Tackling Branding and Interior Design With Kim Kuhteubl
Spotlight: Kim Kuhteubl of MeByDesign
How did you get where you are today?
I’ve been living in LA for just over a decade and I started my company five years ago because I was looking for a change of pace from production. I had worked on a lot of lifestyle TV, but I also covered interior design, real estate and development for newspapers and digital outlets. In between production gigs, I usually worked with designers, and MeByDesign grew from that.
Why did you decide to start a branding company for interior designers?
We actually work across categories in the homegoods industry, but I have a love for interior design. For whatever reason, I’m very good at translating for visual communicators, often INFJ or INTJs; giving them clarity and helping them create action plans that are strategic but also really fun. I’ve also worked with quite a few young businesses, 1-woman-bands who are ready to team up, but are having trouble asking for help and structuring their value in a way that can sustain growth. You’d be surprised how many designers pay their staff but not themselves.
What’s so special about the interior design space vs. others sectors of the design world?
I’m all about transformation and the best interior design transforms. I’ve been into rooms that are fluffed to perfection but feel awful. A good designer changes the energy in a space and is a master of function, aesthetics and emotional intelligence.
Tell us about your new release, Branding + Interior Design…what’s your favorite part of the new book?
I’m excited about this book because I got to interview people who have had long careers in the industry, who have built incredible, international brands. People like Barbara Barry, Rose Tarlow, Martyn Lawrence Bullard, Christiane Lemieux, Clodagh and Kelly Hoppen. My favorite chapter is called “interior planning”. Sixty-nine per cent of interior designers are women so I’ve really had the chance to look at women’s leadership and their blocks to being visible in-depth.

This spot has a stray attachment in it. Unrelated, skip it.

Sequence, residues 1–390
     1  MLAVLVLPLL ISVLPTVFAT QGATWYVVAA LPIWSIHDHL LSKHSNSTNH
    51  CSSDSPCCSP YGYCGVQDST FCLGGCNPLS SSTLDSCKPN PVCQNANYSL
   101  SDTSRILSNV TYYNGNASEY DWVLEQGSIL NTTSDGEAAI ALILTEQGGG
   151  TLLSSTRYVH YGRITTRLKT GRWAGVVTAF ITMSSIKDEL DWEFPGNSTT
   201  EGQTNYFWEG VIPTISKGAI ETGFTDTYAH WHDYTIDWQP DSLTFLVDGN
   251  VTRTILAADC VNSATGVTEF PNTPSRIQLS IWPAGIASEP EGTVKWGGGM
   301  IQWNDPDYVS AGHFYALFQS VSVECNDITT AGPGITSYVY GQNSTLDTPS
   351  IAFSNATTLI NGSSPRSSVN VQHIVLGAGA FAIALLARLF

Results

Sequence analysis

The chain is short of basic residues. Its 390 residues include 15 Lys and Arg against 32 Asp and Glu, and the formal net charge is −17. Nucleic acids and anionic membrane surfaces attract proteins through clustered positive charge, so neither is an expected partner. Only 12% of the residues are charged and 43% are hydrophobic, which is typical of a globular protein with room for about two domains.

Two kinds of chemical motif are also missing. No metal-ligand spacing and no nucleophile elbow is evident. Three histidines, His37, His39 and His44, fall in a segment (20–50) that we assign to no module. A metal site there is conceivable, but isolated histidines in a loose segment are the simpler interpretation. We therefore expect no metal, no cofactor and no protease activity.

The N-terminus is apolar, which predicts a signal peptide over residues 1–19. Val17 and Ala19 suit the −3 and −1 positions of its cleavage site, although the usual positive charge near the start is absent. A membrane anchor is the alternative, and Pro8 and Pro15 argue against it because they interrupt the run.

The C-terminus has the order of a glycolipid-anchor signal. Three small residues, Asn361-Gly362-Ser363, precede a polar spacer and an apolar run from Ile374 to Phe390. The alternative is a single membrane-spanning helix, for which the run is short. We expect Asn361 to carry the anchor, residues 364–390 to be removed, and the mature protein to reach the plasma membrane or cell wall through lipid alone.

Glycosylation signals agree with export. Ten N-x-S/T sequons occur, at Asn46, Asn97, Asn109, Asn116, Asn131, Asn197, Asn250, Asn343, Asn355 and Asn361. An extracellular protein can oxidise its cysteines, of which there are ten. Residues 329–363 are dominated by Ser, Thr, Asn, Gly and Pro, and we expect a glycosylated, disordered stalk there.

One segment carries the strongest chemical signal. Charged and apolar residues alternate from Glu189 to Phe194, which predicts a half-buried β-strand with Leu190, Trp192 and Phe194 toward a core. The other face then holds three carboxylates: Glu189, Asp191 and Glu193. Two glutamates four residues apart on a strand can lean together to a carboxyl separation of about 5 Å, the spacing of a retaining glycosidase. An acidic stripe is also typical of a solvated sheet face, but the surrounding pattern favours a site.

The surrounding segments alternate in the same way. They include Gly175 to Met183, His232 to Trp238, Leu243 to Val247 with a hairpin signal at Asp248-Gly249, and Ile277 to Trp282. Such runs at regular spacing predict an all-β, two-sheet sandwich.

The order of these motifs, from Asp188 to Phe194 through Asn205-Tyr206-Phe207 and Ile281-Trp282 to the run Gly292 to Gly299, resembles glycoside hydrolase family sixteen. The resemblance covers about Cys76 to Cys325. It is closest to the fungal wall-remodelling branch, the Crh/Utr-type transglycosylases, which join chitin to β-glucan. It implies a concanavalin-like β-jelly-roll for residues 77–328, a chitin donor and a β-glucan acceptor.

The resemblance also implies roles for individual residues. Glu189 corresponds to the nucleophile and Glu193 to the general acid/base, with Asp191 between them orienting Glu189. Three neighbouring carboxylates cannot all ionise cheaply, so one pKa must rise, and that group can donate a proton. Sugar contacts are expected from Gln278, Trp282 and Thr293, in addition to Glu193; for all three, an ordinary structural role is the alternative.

You are an award-winning member of the arts community – what are some of your proudest moments?
Right now, it’s all about the book. It’s been a real marathon, between the writing, editing, design and media prep but I have great people working with me. A team that fits is everything.
What’s your business mantra?
Trust your intuition.
Based on your experience, what do you feel is the most “essential element” for a designer running their business?
Master your calendar. When you schedule days for clients meetings, accounting, creative time and my favorite, marketing, you’re going to feel less out of control as you add projects to your slate. Your calendar keeps you accountable, not only to your clients but to the vision you have for growth.
How does beautiful decor have beneficial influence on our lives?
When you’re surrounded by things love, you open up to receive. That is powerful.
How do you get to know your clients?
My clients complete a vision and branding STYLESheet™(SS) before we work together. It’s purposely intense! They’re questions designers don’t think to ask of themselves because they’re too busy running their business but think time is essential for growth. One of my favorite parts of the job is sitting down with one to get inside a client’s world and do my analysis. It’s also fun to compare a repeat client’s old SS with a new one and to see how far they’ve come and how fast.
In your opinion, what are the top 3 things an interior design should consider when branding their business?
1. Vision. What is the vision you have for your business and your life? Are they congruent?
2. Story. What is your story? Who are you telling it to? Who do you want to serve?
3. Energy. Intangible is powerful. What is the quality of your work that makes it personally meaningful to someone else?
What’s your personal style and interior design aesthetic?
I just cut off my hair and went back to curly so I’m rocking the boho at the moment. I also have a pretty big ring collection and probably need to go into a white blouse recovery program. In my design fantasies, I live in sprawling mountain house surrounded by trees and designed by Kelly Wearstler circa 2006.
How do you spend your first hour each morning?
Meditation + Reading + Throwing the ball for my dog.
Within your own home, what’s your next project?
My dining room chairs. I bought a set on Chairish—in the style of Milo Baughman, a momentary obsession—but I’m admitting that I’m just not going to have them recovered. So I’m looking for a new set to replace them with.
How do you keep your mind refreshed and creative?
Reading is big. You don’t know what you don’t know and a book gives you access to new ways of thinking and being. I love that. Travel doesn’t hurt either.